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I do PHP coding a lot in my company and personal work. Usually my files get bigger, sometimes more than 2000-3000 lines long. Then, they get difficult to manage.

My Question: What should be (is) the standard length of a PHP code file in terms of lines-of-code. At what length do you guys split it up?

Note: No Object Oriented programming (I don't use classes). Please answer accordingly.


Clarification of not using classes:

  1. I do use functions a lot.
  2. I don't use classes because the code is legacy. I have to maintain that and add new features.
  3. I was a C programmer before. So, going OO is somewhat tough for me. Like learning whole new way of doing things.
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"I don't use classes" But why? – recursive Sep 9 '10 at 15:55
    
So no classes.. are you at least using functions? In that case, separating them into logically-related units is the best idea. – CaseySoftware Sep 9 '10 at 15:55
    
I can only give you my averages based on OO projects (I have no non-OO projects here...): 100 - 350 seems about the average here. That is however more a coding style then a coding standard. Also, the average result is somewhat skewed by very short files (point-of entry-files directly delegating rendering for a class for instance), and very long ones (very complex / diverse classes for instance). – Wrikken Sep 9 '10 at 16:02
    
@CaseySoftware, yes I do use functions a lot. – WhatIsOpenID Sep 9 '10 at 17:07
    
@recursive, I have updated the question on why I am not using classes. – WhatIsOpenID Sep 9 '10 at 17:13
up vote 3 down vote accepted

There is no good standard length. Some files grow bigger, some smaller.

A good guiding principle from Object Oriented Programming is separating tasks and concerns into classes, and splitting those classes into separate files.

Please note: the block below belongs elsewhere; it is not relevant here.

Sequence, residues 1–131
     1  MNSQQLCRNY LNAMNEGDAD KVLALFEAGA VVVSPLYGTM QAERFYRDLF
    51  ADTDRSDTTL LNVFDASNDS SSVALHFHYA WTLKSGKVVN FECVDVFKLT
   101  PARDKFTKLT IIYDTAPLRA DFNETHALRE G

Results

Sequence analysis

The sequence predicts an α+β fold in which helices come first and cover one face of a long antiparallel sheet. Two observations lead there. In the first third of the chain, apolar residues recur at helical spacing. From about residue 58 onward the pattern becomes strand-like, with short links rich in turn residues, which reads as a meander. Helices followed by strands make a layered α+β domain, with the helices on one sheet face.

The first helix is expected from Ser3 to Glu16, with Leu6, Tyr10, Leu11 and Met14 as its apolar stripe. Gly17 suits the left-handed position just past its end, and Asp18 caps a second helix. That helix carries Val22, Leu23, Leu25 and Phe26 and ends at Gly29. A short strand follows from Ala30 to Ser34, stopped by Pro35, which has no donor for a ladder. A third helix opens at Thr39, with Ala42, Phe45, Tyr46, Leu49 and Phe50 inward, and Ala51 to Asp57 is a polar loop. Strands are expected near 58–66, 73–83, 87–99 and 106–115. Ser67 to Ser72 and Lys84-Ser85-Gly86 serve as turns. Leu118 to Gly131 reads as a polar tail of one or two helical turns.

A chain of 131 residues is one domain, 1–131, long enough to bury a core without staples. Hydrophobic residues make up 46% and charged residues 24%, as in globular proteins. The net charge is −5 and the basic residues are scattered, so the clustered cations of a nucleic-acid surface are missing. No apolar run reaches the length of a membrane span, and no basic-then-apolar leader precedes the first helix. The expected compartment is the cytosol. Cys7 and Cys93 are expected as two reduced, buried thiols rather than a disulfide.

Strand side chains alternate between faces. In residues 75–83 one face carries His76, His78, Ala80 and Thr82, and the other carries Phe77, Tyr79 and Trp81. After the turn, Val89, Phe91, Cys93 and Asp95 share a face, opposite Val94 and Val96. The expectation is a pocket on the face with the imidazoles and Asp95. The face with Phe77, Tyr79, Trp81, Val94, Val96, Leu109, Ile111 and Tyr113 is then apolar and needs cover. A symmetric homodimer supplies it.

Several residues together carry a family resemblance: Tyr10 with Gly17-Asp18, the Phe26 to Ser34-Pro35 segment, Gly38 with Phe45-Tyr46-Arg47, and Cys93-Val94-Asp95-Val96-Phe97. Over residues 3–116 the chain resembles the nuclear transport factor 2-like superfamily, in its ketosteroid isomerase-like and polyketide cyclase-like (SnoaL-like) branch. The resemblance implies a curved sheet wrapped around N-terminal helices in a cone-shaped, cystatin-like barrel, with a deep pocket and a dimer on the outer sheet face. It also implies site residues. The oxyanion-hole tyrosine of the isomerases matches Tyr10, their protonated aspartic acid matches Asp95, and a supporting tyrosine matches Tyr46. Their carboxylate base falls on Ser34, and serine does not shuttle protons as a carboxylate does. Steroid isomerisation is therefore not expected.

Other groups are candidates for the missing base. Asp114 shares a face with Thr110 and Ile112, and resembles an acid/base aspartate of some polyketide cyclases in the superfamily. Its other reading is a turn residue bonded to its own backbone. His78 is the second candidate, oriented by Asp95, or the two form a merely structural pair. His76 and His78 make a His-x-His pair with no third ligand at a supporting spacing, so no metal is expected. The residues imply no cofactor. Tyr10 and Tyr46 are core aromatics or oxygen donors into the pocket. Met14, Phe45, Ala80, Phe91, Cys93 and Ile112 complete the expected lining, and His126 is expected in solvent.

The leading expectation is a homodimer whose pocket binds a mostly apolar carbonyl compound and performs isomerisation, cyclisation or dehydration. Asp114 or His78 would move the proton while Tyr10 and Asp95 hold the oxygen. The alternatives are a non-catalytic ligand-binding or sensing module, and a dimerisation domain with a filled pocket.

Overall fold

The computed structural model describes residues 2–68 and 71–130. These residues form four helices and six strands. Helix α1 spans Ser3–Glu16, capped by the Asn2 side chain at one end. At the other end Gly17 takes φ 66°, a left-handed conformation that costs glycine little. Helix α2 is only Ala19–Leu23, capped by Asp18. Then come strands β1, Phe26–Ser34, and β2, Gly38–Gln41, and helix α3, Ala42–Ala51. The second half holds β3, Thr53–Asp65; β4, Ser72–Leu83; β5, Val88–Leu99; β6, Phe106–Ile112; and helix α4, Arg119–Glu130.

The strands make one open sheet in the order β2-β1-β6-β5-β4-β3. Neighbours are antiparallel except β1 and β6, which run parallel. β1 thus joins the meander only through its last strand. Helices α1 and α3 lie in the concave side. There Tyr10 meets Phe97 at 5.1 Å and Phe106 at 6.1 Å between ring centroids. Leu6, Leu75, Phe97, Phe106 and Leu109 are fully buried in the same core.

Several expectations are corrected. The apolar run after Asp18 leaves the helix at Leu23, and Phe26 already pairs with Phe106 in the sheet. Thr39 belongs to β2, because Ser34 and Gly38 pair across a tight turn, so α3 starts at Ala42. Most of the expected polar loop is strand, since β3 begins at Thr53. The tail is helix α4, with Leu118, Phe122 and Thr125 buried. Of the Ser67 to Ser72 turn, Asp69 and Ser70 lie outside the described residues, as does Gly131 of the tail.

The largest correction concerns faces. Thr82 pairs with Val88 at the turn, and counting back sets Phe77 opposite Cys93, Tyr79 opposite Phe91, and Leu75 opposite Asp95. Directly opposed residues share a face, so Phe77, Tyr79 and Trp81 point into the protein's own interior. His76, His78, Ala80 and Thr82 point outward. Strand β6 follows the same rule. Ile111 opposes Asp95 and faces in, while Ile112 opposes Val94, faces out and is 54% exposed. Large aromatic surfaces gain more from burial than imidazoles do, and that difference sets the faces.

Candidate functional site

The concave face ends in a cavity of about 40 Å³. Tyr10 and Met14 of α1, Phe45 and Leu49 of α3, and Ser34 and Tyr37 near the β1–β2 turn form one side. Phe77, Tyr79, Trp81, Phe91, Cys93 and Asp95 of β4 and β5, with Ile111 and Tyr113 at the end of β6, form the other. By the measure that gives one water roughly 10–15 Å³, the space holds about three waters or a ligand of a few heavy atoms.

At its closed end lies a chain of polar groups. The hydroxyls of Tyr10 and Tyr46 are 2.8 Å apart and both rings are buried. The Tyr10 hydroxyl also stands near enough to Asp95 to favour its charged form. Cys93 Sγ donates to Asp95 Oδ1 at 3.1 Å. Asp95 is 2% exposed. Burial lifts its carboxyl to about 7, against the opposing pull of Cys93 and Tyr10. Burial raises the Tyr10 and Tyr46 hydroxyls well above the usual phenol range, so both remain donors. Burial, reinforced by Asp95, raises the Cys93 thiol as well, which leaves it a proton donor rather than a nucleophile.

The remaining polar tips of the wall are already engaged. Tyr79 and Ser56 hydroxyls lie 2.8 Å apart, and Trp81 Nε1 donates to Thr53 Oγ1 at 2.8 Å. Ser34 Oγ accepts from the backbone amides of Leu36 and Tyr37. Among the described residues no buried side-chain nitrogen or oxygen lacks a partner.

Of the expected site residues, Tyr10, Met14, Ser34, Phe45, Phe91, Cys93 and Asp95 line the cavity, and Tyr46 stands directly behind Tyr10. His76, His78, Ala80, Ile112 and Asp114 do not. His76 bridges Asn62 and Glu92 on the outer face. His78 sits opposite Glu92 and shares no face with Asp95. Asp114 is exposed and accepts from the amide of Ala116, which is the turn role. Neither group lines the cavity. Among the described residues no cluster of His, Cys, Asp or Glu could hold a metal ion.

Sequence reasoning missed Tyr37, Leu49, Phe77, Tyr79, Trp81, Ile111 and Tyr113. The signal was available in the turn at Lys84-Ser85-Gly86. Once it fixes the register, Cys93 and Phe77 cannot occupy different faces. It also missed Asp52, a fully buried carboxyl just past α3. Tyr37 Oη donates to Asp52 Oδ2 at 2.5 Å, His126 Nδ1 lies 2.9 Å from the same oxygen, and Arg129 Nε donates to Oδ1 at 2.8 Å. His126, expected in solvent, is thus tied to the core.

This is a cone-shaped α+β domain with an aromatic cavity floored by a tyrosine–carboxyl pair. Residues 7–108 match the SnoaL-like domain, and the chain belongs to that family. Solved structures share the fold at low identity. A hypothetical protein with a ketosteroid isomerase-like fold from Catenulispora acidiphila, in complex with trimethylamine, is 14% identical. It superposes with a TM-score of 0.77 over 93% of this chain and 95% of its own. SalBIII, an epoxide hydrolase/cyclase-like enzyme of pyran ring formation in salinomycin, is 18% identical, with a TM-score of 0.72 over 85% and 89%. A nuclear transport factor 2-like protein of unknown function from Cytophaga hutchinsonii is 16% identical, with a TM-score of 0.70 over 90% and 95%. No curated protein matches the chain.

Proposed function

That is the most logical separation, and allows using PHP 5's Autoloading. The basic principles may be worth adopting even if you don't want to get into serious OOP.

Related questions:

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Autoloading <<-- that's something new. Thanks. – WhatIsOpenID Sep 9 '10 at 17:09
2  
@whatis check this question for a use of Autoloading with functions. stackoverflow.com/questions/2457653/php-import-functions – Pekka 웃 Sep 9 '10 at 17:14
    
Nice link. Thanks again. I already +1'd you. – WhatIsOpenID Sep 9 '10 at 17:16

Code should not be split according to number of lines of code, it should be split according to functionality. Parts of your code that handle, say, templating, should go in different files (and possibly directories) than parts that handle, say, authentication. If you have a file that's thousands of lines long, it's almost certainly doing way too much and needs to be split up, if not refactored entirely.

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But what if they are related and yet the code file becomes too large. My project has 14 files and 4 of them are more than 2000 lines long. Content in them is related. – WhatIsOpenID Sep 9 '10 at 17:10

Maybe you should start using classes then.

BTW, I definitely split the PHP code files at 1000 lines of code.

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1  
1000. Hmm that appears a nice number. – WhatIsOpenID Sep 9 '10 at 17:08

Use classes and OO programming. I have been to an workshop once "make love to your code" that stated to avoid functions that are longer as the space on your monitor (you should not scroll to look at the whole function)

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Even quite large code files can be reasonably easy to manage if you organise them well. You should keep your functions short, keep related functions together, and name them well.

You will also find it easier to manage if you use an IDE with a function lookup table - I use Netbeans, and on the left hand side it gives me a panel with quick links to all the functions in my current file. It also gives me the ability to click on a line where a function is called and jump to the declaration (anwhere in the project).

On the other hand, if you have code files several thousand lines long which consist of a single function, then yes, the odds are it will be very hard to manage, an no amount of IDE cleverness will help.

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